Because everything's in ruins. Everything's been degraded, but I could say that they've ruined and degraded everything. Because this is not some kind of cataclysm, coming about with so-called, innocent human aide.  On the contrary... It's about man's own judgement, his own judgement over his own self, which of course God has a hand in, or dare I say: takes part in. And whatever he takes part in is the most ghastly creation that you can imagine. Because, you see, the world has been debased. So it doesn't matter what I say because everything has been debased that they've acquired, and since they've acquired everything in a sneaky, underhand fight, they've debased everything. Because whatever they touch - and they touch everything - they've debased. This is the way it was until the final victory. Until the triumphant end. Acquire, debase. Debase, acquire. Or I can put it differently if you like: to touch, debase and thereby acquire, or touch, acquire and thereby debase. It's been going on like this for centuries. On, on and on. This and only this, sometimes gently, sometimes brutally, but it has been going on and on. Yet only in one way, like a rat attacks an ambush. Because for this perfect victory it was also essential that the other side... That is, everything that's excellent, great in some way and noble should not engage in any kind of fight. There shouldn't be any kind of struggle, just the sudden disappearance of one side, meaning the disappearance of the excellent, the great, the noble. So that by now these winning winners who attack from the ambush rule the earth, and there isn't a single tiny nook where one can hide something from them, because everything they can lay their hands on is theirs. Even things we think they can't reach - but they do reach - are also theirs. Because the sky is already theirs and all our dreams. Theirs is the moment, nature, infinite silence. Even immorality is theirs, you understand? Everything, everything is lost forever! And those many noble, great and excellent just stood there, if I can put it that way. They stopped at this point, and had to understand, and had to accept that there is neither god nor gods. And the excellent, the great and the noble had to understand and accept this right from the beginning. But of course they were quite incapable of understanding it. They believed it and accepted it but they didn't understand it. They just stood there, bewildered but not resigned, until something - that spark from the brain - finally enlightened them. And all at once they realized that there is neither god nor gods. All at once they saw that there is neither good nor bad. Then they saw and understood that if this was so, then they themselves do not exist either! You see, I reckon this may have been the moment when we can say that they were extinguished, they burnt out. Extinguished and burnt out like the fire left to smolder in the meadow. One was the constant loser, the other was the constant winner. Defeat, victory, defeat, victory and one day - here in the neighborhood - I had to realize and I did realize, that I was mistaken, I was truly mistaken when I thought that there has never been and could never be any kind of change here on earth. Because, believe me, I know now that this change has indeed taken place."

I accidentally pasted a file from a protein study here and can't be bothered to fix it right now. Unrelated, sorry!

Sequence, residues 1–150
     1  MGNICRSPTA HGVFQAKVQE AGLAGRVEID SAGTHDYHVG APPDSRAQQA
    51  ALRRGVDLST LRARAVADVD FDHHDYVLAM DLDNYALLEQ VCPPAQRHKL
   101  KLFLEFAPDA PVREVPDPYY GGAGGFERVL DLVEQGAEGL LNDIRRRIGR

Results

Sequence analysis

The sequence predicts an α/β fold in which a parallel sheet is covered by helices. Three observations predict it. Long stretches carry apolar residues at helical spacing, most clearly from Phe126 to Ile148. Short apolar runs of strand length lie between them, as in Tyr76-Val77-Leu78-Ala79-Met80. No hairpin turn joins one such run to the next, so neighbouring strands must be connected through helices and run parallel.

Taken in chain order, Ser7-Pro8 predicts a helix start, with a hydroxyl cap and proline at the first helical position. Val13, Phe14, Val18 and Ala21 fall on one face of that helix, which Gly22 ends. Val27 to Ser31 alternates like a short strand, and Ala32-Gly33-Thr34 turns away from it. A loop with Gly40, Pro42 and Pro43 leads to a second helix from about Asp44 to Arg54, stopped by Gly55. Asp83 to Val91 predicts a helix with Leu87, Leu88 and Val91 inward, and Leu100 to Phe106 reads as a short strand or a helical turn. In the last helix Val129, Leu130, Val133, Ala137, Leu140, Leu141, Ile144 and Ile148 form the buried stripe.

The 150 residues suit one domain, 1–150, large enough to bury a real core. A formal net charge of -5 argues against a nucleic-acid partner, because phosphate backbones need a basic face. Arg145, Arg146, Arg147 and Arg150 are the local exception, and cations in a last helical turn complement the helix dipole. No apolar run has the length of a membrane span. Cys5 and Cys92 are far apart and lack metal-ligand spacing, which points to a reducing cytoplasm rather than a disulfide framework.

Bernhard's argument has affinities, therefore, with a number of philosophical methodologies: namely, deductive/inductive reasoning, hypothetical stipulation and conceptual analysis. It also employs a use of incantatory repetition that recalls the texture of modernist poetry. The combined effect of these strategies is a sense of irreversible totality ('everything has been debased that they've acquired, and since they've acquired everything in a sneaky, underhand fight, they've debased everything') that radiates out from a central source, like ripples in a pond. Unlike traditional cinematic images - which tend to gravitate toward the particular - this kind of philosophical reasoning, which deals only with the universal and the abstract will not accommodate individuals, exceptions, or contingencies. By combining airtight - even airless - logic, with an aesthetic of extreme repetition and abstraction, Tarr seeks to banish specificity from his cinematic world, creating a kind of paradox: a photographic rendering of the horror of the absolute. Tarr continually speaks of everything; the fate described is inescapable.